Armed only with cellphones when they were forced to abandon the building, the "CNN Newsroom" crew had ably begun reporting from the street almost from the moment that camera crews could assemble their equipment. No one whined about going home or shrank from their duties and responsibilities. Whomever the miscreant was that had elected to deliver the sinister package to CNN was not going to stop us from reporting the news.

As I sidled up next to the indefatigable anchors, Sciutto winked at me and slyly stated – “Thanks for joining us, James.” I slid in between him and Harlow, as the technicians placed an earpiece in my ear and pointed to the camera I’d be facing. The producer counted down from three, and we were back on-air. Poppy supplied the first question and we were off – doing what needs to be done in a situation where uncertainty abounded, but a group of professional journalists and their support team refused to be stopped in their tracks.

The rest of the day is a blur. I hugged folks who have become like family to me and reveled in the fact that we had stuck our finger in the eye of some lunatic(s) who endeavored to instill fear in our hearts. But what I saw all around me throughout the day and into the night was courage and resolve, and it made me proud to be a part of it.

When I retired from the FBI, I lamented the fact that I would never find another profession where the instincts are to run towards danger again. And while I no longer operate inside the police tape, my new profession allows me to toil alongside folks – like the intrepid "CNN Newsroom" crew – who perform their professional duties just outside the police tape.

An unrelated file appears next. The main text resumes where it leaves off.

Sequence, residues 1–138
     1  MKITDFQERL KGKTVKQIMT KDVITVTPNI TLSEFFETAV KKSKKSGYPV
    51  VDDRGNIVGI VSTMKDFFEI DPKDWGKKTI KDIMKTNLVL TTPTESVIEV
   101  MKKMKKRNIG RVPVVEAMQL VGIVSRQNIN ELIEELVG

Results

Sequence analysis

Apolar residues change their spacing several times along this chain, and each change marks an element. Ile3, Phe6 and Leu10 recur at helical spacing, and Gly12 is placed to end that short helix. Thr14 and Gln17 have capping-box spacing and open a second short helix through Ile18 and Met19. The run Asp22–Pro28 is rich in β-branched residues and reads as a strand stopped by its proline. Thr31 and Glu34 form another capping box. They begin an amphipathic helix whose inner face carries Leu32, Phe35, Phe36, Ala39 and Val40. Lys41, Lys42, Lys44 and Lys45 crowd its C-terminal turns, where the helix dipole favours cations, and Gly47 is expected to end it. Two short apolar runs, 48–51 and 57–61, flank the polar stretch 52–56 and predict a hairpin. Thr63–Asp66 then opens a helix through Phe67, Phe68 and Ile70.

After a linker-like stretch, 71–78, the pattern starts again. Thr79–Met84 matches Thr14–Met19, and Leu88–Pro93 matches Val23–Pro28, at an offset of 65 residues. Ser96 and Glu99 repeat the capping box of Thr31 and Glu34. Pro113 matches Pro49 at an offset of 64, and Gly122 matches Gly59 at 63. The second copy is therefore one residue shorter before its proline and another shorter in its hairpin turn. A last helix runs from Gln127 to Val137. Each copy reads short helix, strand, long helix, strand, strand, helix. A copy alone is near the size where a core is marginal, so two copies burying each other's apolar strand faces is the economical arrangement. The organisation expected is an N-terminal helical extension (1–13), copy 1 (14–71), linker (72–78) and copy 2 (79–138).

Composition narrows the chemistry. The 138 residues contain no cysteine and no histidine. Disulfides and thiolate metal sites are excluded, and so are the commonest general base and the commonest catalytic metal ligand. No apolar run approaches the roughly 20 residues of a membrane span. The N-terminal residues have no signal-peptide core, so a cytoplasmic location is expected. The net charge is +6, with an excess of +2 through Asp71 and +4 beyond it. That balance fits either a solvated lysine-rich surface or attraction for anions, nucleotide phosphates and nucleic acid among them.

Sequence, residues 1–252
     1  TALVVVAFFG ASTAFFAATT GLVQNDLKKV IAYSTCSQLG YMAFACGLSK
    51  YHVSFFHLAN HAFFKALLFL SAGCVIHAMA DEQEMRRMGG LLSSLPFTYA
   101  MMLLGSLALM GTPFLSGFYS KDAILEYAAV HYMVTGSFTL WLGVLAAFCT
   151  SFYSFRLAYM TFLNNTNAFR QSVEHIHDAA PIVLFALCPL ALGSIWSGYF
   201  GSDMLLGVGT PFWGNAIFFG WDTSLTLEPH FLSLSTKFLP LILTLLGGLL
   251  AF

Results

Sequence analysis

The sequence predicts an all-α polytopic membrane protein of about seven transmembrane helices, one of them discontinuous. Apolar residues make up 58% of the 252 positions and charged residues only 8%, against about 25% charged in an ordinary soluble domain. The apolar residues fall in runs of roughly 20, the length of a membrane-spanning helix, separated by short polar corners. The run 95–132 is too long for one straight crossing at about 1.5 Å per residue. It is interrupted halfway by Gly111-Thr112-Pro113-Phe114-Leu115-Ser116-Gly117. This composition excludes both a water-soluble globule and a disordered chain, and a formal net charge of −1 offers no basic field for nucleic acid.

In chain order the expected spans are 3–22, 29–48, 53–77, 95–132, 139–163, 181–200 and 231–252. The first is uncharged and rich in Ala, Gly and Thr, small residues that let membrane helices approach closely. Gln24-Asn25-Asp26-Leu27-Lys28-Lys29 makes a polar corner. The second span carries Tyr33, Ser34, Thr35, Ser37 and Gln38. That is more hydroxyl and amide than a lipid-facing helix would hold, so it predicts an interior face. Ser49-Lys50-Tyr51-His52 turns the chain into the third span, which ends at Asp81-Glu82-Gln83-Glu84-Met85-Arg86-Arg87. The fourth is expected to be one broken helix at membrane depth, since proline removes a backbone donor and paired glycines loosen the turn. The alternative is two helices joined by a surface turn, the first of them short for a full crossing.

Think these folks aren’t courageous? One member of the camera team had his arm shattered by an IED in Iraq. Yep. There he was, hefting a CNN camera on his shoulder and hustling towards danger again, so that the public could be informed. I knew patriots like that when I was overseas. Quiet professionals, all. They made me proud to be an American. Just as the actions of my friends and colleagues in the news business made me proud to be part of the CNN family yesterday.

Someone intended to introduce evil into our inviolate workspace at the Time Warner Center yesterday morning. They failed miserably in accomplishing their goals of intimidation, fear fomentation, and shutting down our operations. All the same displaced CNN employees I met on the corner of 58th and 9th yesterday morning were back at work today.

Evil never wins in the long run. And let it be known that I couldn’t be prouder of folks who you wouldn’t expect to be courageous in the face of danger … but that’s just who they were.